But now things are different. Not since the 1980s, and before that never, has there been this much M&A activity, share buybacks and privatization. While this boosts share prices in the short term, as privateers bid up the price in a takeover, there's a huge downstream cost: the company is no longer public. You don't get to profit from it unless you work for it. Each privatized company, or the private equity firm who owns it, becomes a little lord. You want money? They demand your service. It is the opposite of owning a stock, where you demand their service. It's more than just a concentration of wealth among the few. It is also a concentration of control, and, more importantly, risk. You may not be able to profit from it, but if something goes bad, for sure you'll be asked to pay for it.
If you think Halliburton is unaccountable to the public now, imagine when it goes private. And it will go private.
Furthermore, as these companies become (more) multinational-- as they derive less of their profits from the fertile soil of the U.S. economy, they will be less beholden to its government. In fact, they will have more control over the government.
I think it's stupendous that there is an individual campaign contributions limit of $2000, equalizing the effect among rich and poor. But this actually promotes feudalism: instead of rich donors buying some access to a future official, several rich donors get together to form a PAC to influence your vote. That gets them much more power than they had as individuals. In effect, they become the lord, and the candidate the vassal. And your $2000 vote is next to worthless.
I won't be the last to make this universally horrifying observation: if Hillary Clinton wins the 2008 election, then an entire generation of people-- 24 years-- will have been ruled by either a Bush or a Clinton. Why do we keep picking them? Because they're the best? No-- because they're a brand. That saves us from thinking. And, conveniently, it gives us a scapegoat: the system is stacked against us, for them. Feudal.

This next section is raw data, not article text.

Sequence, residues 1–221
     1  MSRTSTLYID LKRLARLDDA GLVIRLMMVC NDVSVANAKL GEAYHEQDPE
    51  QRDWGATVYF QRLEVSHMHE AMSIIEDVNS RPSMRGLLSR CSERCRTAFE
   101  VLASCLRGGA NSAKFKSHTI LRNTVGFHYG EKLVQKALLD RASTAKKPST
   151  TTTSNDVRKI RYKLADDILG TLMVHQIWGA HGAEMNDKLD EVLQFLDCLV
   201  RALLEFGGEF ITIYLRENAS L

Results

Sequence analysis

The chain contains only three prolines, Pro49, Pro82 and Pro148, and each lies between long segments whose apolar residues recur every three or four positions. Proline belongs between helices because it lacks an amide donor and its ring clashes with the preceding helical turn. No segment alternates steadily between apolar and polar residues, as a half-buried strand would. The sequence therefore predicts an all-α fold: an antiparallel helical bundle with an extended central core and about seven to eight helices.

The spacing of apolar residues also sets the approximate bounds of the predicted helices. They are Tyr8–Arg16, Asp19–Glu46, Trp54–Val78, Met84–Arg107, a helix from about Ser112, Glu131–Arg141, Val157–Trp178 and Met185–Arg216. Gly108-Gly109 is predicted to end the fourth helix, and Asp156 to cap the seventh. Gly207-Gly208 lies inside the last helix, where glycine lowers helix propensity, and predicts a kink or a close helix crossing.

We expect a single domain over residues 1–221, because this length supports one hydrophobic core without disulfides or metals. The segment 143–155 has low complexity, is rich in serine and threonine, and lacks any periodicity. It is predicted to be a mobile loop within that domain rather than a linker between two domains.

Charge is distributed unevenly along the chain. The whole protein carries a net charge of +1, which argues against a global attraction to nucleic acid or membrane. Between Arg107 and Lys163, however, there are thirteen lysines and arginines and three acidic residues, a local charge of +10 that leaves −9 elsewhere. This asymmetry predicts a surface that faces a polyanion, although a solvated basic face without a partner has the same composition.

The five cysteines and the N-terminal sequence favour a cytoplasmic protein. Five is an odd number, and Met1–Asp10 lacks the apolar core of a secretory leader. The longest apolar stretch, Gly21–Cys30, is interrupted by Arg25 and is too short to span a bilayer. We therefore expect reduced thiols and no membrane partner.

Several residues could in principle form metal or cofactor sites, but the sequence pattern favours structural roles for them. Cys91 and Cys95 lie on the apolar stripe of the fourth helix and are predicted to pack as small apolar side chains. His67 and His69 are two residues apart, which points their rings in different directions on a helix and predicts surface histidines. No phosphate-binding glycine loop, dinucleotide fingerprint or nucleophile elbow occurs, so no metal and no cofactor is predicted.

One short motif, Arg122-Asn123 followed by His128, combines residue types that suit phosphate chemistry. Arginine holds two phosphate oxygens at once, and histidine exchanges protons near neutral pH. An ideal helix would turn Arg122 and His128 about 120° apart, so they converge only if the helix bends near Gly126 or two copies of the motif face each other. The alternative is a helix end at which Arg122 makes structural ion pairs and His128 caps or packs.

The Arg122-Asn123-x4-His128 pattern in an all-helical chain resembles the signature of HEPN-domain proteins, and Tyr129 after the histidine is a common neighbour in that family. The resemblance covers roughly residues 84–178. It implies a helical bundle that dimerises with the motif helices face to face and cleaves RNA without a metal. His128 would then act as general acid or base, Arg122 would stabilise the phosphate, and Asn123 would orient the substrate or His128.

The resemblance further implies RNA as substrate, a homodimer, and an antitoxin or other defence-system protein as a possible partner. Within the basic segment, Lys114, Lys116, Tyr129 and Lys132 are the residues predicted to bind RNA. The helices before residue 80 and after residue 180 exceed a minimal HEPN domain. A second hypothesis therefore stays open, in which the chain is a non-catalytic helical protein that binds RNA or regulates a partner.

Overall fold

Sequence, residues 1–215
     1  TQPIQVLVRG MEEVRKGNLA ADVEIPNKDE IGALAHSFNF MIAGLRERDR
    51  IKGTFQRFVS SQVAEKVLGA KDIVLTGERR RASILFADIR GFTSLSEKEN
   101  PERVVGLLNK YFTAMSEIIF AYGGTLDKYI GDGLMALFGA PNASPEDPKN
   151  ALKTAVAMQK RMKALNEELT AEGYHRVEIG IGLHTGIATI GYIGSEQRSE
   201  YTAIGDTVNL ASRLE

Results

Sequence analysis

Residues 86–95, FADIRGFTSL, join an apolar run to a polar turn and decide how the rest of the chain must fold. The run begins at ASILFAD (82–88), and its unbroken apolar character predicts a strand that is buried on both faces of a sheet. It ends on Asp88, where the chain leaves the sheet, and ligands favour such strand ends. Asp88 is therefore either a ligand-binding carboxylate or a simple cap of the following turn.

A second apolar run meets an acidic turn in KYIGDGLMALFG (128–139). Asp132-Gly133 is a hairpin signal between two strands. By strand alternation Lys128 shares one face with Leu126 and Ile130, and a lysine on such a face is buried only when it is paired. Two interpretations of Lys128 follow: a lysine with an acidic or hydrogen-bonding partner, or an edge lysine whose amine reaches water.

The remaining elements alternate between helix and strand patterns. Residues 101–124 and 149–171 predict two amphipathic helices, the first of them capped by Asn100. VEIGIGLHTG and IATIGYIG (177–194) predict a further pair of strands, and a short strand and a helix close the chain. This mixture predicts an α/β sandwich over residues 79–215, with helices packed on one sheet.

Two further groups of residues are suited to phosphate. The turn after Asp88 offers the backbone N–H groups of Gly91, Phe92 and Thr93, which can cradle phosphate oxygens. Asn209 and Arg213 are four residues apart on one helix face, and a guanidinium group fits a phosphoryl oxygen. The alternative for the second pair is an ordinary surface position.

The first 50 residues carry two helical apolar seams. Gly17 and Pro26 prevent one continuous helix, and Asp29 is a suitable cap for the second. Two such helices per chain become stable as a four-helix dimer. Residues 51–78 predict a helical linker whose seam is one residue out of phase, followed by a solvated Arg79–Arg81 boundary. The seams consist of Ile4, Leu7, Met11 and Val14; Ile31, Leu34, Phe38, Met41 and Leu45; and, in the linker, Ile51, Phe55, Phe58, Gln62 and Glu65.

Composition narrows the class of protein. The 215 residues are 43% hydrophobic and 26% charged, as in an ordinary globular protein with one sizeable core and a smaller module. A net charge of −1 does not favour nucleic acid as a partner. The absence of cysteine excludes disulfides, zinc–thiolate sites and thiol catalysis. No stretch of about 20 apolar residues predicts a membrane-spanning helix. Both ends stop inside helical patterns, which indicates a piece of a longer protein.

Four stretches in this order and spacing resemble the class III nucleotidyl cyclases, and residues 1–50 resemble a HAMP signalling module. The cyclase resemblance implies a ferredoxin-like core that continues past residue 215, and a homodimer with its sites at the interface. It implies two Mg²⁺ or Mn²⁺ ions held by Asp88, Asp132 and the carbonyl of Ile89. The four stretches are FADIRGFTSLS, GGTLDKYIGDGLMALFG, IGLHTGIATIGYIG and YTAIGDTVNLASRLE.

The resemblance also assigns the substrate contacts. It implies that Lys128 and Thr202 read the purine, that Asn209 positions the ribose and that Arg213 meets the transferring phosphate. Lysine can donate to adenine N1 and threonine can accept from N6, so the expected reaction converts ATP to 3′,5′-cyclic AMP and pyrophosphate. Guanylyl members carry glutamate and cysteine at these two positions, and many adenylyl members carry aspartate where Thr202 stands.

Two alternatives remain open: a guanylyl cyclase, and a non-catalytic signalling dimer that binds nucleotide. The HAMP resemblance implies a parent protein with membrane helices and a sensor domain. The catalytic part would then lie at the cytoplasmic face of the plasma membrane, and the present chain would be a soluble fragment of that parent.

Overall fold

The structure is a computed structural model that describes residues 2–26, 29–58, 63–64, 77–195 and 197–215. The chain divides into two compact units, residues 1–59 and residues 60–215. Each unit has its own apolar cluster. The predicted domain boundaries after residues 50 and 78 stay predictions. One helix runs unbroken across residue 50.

Remember, the defining emotion in narcissism is rage, frustration. Collective narcissism comes from collective rage, frustration. So Marx was wrong (yes, again.) Feudalism doesn't precede capitalism, it follows inevitably, logically, after capitalism--if something, anything-- goes wrong. In capitalism, not everyone succeeds, but everyone feels like they could. In a working capitalist model, class divisions would be fluid, people could go up and down based on their intelligence or work ethic. The mail boy could become the CEO. But if the classes become fixed, such that a mail boy could never become CEO-- only other CEOs can become CEO-- you get, well, feudalism.
When that happens-- when your future is limited, the tendency is to withdraw, get control over your local environment (family, friends, blogs, etc) and create an identity where you do have value above mail boy, even though in reality you are the mail boy. You get angry, frustrated, resentful-- at "them," the people who have more power than you.
Here's an example. On Thursday 5/10 I was listening to NPR, and the NPR interviewer said, oil companies are making huge profits, shouldn't they have to eat into those profits to lower the price? And the interviewee responded that he'd prefer the prices to be higher, or even there to be a tax, which would result in less gas consumed, which would be better for the environment, etc. And the NPR interviewer responded something like, and I'm quoting from memory, "so if you need to hit them [oil companies] in the pocket, reduced demand would be another way of doing it."
Wow. WOW. The psychological pivot point for her wasn't lower prices for the consumer, but hurting the oil companies. That's where her head was at. And she's a reporter! You see that anger, resentment, that powerlessness, disenfranchisement not in working capitalism, but in feudalism.
There's a hint of feudalism in the air already; universal healthcare, better, broader social security-- this is the lord taking responsibility for the economic well being of its people, in exchange for "service." It's not socialism because there isn't a redistribution of wealth-- the wealth and power are actually more concentrated-- it's a lease of wealth.
It's not a clash of ideas, USSR vs. US; it's more visceral, personal. People hate us for us, we hate Bush for Bush, there's plenty of hate all around, so we retreat inside ourselves and our denial. We're leveraging the future for short term control of our micro-environments, selling ourselves in exchange for a 25 year lease. We want to be renters, not owners, so we don't have to fix the toilet. Meanwhile, the world trudges on.